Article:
• psivchaz@reddthat.com
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      7 months ago

      So many things are unnecessarily wrapped in plastic. We use bubble wrap in situations where paper would be a perfectly fine buffer for shipping. We use plastic bags when paper and reusable bags work perfectly well.

      I get so frustrated about it not even because I’m scared of the environmental impact of all this plastic floating around, although that does suck, but because plastic is currently absolutely crucial for modern medicine. One day maybe we’ll find alternatives but until then I think a rational society would be preserving the limited life-saving miracle material for uses that aren’t as basic as “use it to take home groceries, then throw it away.”

      • pugsnroses77@sh.itjust.works
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        7 months ago

        the same issue is happening with helium. its crucial for a lot of forensic processes and scientific research but we are rapidly running out of helium. but haha balloon go up!

  • Rentlar@lemmy.ca
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    7 months ago

    Canada is in the process of “banning single-use plastics”. Although you still see them everywhere, there are many places that have switched some stuff like plastic grocery bags, plastic straws and plastic utensils to cloth grocery bags, paper straws and wooden utensils.

    • bl4ckblooc@lemmy.world
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      7 months ago

      The point OP is making still holds true in Canada though. I can’t go buy a plastic bag at my grocery store, but the store can use a ridiculous amount of wrap to sell produce, and there are tons of food products where you buy a bag full of smaller bags(and some full of even smaller bags. Pre-made salad is a big one) that I can buy easily and usually for fairly cheap.

      • Rentlar@lemmy.ca
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        7 months ago

        You’re absolutely correct. We’re not close to eradicating it despite the strong wording of “single use plastic ban” but we are taking baby steps.

  • bacondragonoverlord@feddit.de
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    7 months ago

    Well for one: most of the things listed already have a solution:

    Food? Glassware and Metal containers. Or Even reusable single type plastic containers, like a tupperware.

    Sterile medical supplies already are packed in a paper bag. The ones that are in plastic actually aren’t.

    Medicine can also be packed into glass and metal containers.

    Beverages can be put in cans or Reusable Glass bottles or you simply drink tap water. (I know in some countries that’s not safe but it should be)

    And honestly your cafeteria is the most ridiculous example. Get a dishwasher and use real cutlery. Or bring your own cutlery from home. (Is it actually a cafeteria or just a glorified break room?)

    • rbesfe@lemmy.ca
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      7 months ago

      Sterile medical supplies already are packed in a paper bag. The ones that are in plastic actually aren’t.

      Uh… What? Sterile medical instruments are absolutely packed in plastic, paper is too permeable and will lead to contamination. Even if it looks like paper it’s still lined with plastic. Have you ever worked in a medical setting before?

    • knightly@pawb.social
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      7 months ago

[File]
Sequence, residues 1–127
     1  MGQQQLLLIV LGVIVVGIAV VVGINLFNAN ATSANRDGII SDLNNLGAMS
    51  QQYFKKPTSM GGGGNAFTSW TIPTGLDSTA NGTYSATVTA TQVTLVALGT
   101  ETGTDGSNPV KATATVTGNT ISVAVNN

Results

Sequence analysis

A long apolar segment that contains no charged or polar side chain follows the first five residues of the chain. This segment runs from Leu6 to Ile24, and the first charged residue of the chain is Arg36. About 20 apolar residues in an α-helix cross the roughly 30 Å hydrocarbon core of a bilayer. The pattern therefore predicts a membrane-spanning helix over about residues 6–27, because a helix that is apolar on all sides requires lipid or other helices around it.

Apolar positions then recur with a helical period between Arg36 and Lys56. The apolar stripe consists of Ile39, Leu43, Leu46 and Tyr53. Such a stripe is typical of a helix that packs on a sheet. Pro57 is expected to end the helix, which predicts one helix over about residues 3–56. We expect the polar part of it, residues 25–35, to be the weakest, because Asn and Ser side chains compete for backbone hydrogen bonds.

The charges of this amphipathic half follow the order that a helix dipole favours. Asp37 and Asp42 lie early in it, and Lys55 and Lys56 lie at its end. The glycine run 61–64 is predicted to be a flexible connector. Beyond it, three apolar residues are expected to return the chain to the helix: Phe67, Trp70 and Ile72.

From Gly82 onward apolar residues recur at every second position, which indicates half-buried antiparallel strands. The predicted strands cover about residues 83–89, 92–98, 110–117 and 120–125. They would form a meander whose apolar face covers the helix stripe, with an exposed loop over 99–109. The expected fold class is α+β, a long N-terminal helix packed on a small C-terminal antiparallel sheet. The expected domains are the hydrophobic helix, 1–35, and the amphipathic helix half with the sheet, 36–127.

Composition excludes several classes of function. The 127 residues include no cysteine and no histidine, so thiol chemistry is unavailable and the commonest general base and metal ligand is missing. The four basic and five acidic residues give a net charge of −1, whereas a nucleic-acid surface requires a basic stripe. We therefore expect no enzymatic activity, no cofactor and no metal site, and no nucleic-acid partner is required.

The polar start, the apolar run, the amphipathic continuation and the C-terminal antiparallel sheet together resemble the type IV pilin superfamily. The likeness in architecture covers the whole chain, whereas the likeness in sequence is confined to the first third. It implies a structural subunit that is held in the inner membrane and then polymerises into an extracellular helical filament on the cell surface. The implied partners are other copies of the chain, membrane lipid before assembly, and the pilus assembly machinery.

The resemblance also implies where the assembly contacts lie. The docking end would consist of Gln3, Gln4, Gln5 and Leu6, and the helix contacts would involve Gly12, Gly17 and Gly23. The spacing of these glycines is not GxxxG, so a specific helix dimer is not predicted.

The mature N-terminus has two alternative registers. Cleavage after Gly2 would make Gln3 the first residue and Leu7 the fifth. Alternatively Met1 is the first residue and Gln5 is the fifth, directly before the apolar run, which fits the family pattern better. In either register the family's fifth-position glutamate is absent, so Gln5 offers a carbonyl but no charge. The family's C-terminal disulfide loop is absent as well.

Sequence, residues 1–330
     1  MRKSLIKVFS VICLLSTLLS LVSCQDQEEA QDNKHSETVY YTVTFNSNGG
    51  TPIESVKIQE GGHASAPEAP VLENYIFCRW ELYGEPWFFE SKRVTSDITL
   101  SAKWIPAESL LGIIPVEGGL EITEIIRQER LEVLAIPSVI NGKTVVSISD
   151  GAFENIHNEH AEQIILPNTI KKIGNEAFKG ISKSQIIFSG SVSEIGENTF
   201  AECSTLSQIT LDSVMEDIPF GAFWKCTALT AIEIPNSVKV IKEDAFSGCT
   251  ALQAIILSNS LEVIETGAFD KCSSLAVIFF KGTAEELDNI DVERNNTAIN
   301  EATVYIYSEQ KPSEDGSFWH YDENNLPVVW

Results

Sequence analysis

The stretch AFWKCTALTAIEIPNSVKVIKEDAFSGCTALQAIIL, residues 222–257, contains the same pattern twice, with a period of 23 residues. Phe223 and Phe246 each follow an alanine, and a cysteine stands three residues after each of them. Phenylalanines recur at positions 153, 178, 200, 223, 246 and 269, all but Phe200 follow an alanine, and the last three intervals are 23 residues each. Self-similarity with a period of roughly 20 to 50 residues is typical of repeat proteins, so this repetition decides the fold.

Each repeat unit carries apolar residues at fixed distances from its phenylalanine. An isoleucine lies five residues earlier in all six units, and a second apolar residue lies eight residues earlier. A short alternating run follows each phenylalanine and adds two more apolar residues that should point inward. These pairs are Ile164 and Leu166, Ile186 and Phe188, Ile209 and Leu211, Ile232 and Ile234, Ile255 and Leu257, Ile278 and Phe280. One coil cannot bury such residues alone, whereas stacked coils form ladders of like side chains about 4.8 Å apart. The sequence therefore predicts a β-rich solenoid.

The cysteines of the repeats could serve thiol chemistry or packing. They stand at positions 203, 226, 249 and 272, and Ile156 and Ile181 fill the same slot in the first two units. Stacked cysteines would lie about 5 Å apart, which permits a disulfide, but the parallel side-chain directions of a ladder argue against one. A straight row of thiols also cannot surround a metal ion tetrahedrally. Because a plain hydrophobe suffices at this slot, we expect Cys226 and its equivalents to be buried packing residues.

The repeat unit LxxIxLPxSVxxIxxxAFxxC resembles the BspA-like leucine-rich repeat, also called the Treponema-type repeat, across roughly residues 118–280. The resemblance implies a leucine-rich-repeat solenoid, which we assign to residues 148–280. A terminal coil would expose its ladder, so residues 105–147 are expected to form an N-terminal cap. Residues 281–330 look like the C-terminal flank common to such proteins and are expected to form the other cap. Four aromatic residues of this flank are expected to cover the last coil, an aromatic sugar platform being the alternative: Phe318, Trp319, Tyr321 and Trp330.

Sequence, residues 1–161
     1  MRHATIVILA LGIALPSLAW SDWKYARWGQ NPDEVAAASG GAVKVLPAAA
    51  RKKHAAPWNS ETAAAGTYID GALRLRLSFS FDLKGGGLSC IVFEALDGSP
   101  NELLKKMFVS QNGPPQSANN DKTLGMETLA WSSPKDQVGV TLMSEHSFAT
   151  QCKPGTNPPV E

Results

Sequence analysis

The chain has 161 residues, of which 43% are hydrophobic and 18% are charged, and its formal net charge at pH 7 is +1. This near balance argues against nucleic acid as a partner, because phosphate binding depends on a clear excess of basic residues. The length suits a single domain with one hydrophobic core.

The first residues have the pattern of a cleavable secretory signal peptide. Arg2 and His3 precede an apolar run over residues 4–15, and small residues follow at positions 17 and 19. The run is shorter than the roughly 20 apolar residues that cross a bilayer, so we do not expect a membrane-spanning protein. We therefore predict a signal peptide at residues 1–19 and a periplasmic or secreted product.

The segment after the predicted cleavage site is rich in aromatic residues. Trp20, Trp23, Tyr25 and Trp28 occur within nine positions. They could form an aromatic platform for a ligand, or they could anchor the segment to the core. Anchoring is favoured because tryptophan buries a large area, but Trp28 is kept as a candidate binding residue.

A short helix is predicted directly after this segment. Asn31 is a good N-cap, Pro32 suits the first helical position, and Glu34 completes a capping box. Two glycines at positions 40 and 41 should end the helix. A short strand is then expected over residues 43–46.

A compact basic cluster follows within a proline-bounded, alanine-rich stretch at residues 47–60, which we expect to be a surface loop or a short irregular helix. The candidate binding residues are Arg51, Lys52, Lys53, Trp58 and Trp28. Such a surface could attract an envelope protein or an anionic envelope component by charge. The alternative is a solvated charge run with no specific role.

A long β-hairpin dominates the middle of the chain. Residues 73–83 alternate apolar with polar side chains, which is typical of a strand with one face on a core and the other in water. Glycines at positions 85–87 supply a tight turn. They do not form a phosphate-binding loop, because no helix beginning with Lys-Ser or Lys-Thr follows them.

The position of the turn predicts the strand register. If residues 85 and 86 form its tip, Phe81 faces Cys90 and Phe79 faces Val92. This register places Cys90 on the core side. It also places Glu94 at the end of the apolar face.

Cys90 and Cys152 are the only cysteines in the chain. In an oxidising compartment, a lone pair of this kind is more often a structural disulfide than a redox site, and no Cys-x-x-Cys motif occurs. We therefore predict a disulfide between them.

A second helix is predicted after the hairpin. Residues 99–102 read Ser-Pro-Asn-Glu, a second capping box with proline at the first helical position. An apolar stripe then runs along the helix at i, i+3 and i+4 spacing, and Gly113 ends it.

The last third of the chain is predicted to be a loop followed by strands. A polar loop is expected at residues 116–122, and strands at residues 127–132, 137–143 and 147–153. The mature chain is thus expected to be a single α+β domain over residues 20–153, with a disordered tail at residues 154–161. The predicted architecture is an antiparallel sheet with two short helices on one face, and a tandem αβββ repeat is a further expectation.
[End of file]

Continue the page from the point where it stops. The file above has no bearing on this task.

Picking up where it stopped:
My only note here is that canned beverages have a layer of non-recyclable plastic on the inside to prevent chemical interactions between the contents and the metal. Glass bottles are fine though as (aside from plastic labels) they’re fully recyclable.

    • shalafi@lemmy.world
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      7 months ago

      I loathe plastic waste, but here’s a conundrum I read about.

      Elementary school kids learned about environmentalism, wanted to do better. They got the school to dump plastic utensils and plates in favor of steel. No brainer, right?

      Turns out the energy cost for making the steel meant they would have to wash those items 1,000+ times to make up for the plastic energy production. Still, no brainer, right?

      Then they added in the energy costs for washing those items 1,000+ times. Not remotely worth doing. (Factor in loss, it’s even worse.)

      We got ourselves in a hella mess. Getting off plastic is going to mean cheap, clean and abundant energy. I mean shitloads of power. I’m all in for nuclear, at least as a stopgap.

      • Zak@lemmy.world
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        7 months ago

        The primary concern with single-use plastics is not energy consumption but plastic waste. That, of course raises the question of how to weigh one kind of environmental harm against another, and I do not have a good answer.

        My instinct here is that not generating so much trash is the energy use in this case, but I can’t prove that.

      • bacondragonoverlord@feddit.de
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        7 months ago

        It’s a balancing act for sure. You have to understand what’s good for the climate isnt necessarily good for the environment. However I believe we have to understand that cleaning up the plastic in the world is imho harder than recapturing co2 since you can’t just build a big machine wherever you want and it does it’s job. Plastic you have to hunt down manually, and good luck doing that for micro plastics

        But I don’t think your example works as well as eg plastic Vs glas bottles. Your energy dilemma can be solved simply by having photovoltaic panels and/or hooking the dishwasher up to a renewably generated hot water supply.

        Also even in your calculations which I assume are not optimised 2000+ wash cycles is only like 6 years of use. And I still think that’s a no brainer.